TRAVEL || NORTH AMERICA > UNITED STATES > pacific nw
The states of Washington and Oregon in the Pacific Northwest caters to outdoor enthusiasts. Known for its rainfall, this region has a diverse landscape of mountain peaks, dense forests, rolling hills, valleys, deserts, waterways, and ocean vistas. In Washington, the largest city in this region, Seattle sits on the shores of Puget Sound as a main port and gateway from the Pacific Ocean and Asia.
Portland, the largest city (and my childhood hometown) in Oregon, surrounds the Willamette River that flows through the city at its confluence with the large Columbia River, which divides Oregon and Washington and feeds into the Pacific Ocean.
Photo by peter bucks on Unsplash
The northwestern city is renowned for its artsy, laidback atmosphere, coffee culture, award-winning microbrews, and Pinot Noir wines.
Nestled in the far north of the Willamette Valley (pronounce: “will-AM-et”), the “Rose City” is home to a vast and diverse selection of quality restaurants, representing both local and global cuisine, as well as great cafes and breakfast hotspots. The city is also the perfect hub from which to connect to the outdoors.
RIVERS AND WATERFALLS
Green and Lush
Just east of the Portland are majestic Multnomah Falls in the Columbia River Gorge, where the Columbia River slices through the Cascade Mountains along Oregon’s northern border, shared with Washington.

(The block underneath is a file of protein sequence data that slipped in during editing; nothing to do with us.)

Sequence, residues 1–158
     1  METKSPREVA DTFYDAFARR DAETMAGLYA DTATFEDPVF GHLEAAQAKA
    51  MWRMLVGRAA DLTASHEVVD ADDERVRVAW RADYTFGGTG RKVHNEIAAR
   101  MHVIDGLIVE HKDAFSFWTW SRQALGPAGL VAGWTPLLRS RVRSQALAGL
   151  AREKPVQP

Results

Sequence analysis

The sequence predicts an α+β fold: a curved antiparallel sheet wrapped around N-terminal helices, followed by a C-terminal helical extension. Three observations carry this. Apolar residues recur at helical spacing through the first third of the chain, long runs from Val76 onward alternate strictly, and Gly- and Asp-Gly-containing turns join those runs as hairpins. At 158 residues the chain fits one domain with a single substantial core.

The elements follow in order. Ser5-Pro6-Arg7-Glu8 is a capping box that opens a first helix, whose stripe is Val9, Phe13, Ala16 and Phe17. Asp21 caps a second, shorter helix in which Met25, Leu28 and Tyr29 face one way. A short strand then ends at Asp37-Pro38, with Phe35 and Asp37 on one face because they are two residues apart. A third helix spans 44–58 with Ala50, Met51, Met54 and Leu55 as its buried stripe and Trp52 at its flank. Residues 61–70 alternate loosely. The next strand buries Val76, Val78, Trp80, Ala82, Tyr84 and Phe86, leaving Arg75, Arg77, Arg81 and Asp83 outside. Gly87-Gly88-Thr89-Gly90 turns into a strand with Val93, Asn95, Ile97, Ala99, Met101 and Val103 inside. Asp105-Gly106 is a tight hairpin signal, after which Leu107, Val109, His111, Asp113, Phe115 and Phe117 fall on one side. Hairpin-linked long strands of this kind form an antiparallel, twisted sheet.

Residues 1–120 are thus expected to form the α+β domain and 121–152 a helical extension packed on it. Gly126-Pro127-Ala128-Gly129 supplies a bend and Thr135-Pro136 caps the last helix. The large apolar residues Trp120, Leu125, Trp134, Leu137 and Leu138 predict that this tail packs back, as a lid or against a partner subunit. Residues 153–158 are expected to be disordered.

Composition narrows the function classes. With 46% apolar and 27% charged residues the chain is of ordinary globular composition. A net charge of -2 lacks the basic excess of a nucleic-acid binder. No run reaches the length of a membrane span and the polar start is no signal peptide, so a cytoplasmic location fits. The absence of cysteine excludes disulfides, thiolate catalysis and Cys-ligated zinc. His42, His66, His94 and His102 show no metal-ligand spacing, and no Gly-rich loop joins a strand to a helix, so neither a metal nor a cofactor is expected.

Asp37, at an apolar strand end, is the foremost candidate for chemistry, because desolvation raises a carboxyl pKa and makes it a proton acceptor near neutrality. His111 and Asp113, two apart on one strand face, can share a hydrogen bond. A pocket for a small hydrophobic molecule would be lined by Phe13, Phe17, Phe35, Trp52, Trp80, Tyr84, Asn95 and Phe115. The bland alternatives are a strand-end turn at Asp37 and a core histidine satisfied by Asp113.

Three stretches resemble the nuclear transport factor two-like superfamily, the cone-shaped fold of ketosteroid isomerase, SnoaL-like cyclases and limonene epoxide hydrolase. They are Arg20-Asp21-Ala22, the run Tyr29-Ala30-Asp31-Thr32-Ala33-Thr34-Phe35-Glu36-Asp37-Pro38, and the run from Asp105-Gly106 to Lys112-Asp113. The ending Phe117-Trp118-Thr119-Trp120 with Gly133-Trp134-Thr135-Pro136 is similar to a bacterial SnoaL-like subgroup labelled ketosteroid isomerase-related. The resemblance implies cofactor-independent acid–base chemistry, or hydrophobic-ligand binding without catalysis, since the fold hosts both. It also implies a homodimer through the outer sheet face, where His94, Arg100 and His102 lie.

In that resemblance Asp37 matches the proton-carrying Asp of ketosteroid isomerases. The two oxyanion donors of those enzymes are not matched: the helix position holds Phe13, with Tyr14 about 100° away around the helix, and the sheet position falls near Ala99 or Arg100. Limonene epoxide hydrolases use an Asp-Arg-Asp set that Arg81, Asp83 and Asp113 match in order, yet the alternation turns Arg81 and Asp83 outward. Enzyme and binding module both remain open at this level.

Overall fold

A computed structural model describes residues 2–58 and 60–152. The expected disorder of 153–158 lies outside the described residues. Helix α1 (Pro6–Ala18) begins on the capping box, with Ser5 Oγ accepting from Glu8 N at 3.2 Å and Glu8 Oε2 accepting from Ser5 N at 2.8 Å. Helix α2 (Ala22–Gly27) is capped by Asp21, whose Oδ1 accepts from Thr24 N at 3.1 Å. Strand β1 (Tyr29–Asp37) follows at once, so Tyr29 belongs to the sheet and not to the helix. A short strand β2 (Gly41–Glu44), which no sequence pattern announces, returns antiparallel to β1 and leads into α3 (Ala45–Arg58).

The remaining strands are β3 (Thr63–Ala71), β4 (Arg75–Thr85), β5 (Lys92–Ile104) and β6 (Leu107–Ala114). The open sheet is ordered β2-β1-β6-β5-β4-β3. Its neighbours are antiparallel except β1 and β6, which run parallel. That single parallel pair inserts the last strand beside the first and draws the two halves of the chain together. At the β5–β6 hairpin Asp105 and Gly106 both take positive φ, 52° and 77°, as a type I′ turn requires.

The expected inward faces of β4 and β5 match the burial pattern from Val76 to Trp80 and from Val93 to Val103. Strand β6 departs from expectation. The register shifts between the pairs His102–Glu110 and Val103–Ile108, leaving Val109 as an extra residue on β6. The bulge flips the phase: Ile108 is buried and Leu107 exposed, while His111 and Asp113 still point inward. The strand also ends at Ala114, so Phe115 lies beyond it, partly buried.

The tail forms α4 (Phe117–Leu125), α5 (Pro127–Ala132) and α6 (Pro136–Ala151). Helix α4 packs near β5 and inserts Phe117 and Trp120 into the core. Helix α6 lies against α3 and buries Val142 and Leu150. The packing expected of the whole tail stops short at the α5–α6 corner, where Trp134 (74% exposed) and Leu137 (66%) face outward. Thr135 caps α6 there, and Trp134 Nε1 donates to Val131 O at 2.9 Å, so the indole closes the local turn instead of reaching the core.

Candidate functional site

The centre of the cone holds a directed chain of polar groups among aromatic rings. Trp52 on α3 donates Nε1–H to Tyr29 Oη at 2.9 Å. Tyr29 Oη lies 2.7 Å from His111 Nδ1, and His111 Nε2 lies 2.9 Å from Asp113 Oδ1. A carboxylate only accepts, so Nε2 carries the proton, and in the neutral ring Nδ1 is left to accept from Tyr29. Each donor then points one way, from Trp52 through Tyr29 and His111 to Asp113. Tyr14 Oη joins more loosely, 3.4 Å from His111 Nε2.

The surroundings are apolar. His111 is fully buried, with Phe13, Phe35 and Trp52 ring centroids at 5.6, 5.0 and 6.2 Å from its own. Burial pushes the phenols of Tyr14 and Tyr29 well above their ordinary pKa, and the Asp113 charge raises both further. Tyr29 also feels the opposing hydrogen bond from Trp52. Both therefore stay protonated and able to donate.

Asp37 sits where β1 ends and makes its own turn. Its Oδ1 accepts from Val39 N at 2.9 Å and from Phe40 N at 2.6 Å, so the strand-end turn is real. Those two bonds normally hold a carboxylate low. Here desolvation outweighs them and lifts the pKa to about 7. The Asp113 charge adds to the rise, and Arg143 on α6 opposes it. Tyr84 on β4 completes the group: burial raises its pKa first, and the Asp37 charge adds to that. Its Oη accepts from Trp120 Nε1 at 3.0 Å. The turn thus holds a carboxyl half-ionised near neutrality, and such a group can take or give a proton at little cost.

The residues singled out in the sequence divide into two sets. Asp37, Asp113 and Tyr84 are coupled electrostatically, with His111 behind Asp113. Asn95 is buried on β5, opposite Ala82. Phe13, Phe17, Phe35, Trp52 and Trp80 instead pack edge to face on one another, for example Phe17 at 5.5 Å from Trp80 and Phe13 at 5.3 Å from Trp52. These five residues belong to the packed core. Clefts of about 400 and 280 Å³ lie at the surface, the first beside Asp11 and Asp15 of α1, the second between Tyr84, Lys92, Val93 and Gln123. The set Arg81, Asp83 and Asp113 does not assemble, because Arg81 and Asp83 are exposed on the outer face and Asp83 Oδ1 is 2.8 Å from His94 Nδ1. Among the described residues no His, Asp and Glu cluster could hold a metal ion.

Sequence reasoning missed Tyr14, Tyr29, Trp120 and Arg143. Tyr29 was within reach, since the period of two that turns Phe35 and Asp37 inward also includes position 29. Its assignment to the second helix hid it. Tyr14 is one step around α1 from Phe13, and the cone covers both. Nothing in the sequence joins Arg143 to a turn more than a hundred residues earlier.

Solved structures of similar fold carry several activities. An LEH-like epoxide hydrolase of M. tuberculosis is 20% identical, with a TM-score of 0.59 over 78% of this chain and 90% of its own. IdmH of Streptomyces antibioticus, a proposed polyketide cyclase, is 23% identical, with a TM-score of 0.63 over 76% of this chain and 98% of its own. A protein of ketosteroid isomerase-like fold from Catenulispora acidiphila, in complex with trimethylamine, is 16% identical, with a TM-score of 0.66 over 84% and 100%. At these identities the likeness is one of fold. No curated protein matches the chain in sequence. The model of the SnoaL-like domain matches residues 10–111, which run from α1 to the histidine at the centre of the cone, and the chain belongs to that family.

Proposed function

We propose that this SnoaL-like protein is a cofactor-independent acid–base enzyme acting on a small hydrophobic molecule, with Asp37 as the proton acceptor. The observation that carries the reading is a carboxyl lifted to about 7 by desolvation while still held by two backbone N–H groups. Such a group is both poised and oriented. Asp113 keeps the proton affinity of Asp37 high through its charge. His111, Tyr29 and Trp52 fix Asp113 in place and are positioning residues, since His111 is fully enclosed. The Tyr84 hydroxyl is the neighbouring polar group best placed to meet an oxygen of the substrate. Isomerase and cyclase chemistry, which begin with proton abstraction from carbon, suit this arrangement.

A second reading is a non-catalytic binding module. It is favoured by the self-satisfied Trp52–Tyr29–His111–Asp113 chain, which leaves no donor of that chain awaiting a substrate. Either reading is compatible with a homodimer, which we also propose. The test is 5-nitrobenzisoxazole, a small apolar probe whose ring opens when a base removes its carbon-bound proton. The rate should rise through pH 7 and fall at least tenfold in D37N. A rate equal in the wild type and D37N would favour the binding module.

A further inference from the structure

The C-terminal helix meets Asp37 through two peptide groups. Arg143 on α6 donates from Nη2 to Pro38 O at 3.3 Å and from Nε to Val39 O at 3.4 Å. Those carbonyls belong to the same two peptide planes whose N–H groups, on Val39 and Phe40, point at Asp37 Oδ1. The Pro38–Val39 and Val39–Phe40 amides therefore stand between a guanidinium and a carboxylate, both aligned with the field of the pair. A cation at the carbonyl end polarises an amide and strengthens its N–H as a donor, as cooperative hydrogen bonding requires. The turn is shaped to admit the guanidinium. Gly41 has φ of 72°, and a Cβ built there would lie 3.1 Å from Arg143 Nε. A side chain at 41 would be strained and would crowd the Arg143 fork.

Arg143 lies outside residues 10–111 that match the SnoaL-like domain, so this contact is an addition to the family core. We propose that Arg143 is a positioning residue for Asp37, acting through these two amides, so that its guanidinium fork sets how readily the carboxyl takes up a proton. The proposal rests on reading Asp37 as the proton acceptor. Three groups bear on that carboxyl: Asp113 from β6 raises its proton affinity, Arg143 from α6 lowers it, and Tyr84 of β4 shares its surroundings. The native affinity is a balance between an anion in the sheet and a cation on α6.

Surf and Tide Pools
Along the far western edge, follow Highway 101 from Astoria in the far north down the entire 400-mile coastline of the Pacific Ocean. The Oregon Coast is home to fascinating sea life found in tide pools and open waters, home to seals and barking sea lions.
Get mesmerized watching migrating whales or by fierce ocean storms. Visit quaint beach towns and lighthouses. Fly kites or dig for clams on the beaches. Ride dune buggies in the sand dunes. Explore the beauty of thick, coastal rainforests. The Oregon Coast has an array of dramatic views and outdoor experiences for all ages.
Divided by the Cascade Mountain Range, which runs north and south, the more populous western third receives plenty of precipitation throughout the year to maintain lush, dense greenery.
Seen for miles on either side of the range are its white-capped mountain peaks: the northernmost Mount Hood looks at Mount Jefferson to its south; the Three Sisters stand together in Central Oregon; and then in Southern Oregon sits the 8,000-year-old caldera of Crater Lake, now the deepest lake in North America. To their east, the more sparsely populated eastern two-thirds is sunnier, and thus drier, with several points of interest, wide-open vistas, and high deserts.
Photo by Pam Riches on Unsplash
Images come to mind of pioneers who moved west along the dusty Oregon Trail, past the Snake River, which now creates the border with Idaho. Millions of years of geology are exposed in the Painted Hills found in its soil layered in hues of red, gold, yellow and black. Prehistoric plants and dinosaur remains can be found in the nearby John Day Fossil Beds and appeal to our inner paleontologist.
All About the Pacific Northwest
A magnificent day trip from Portland, Oregon
An exquisite cultural experience is found at the Lan Su Chinese Garden in downtown Portland, Oregon. This classical Suzhou-style walled garden has a series of events and activities happening daily. Visitors can take in a tour of the gardens; enjoy authentic Chinese tea and teacakes in the Teahouse; listen to music; attend festivals, workshops and lectures; experience classical Chinese art forms of poetry and calligraphy; participate in Tai…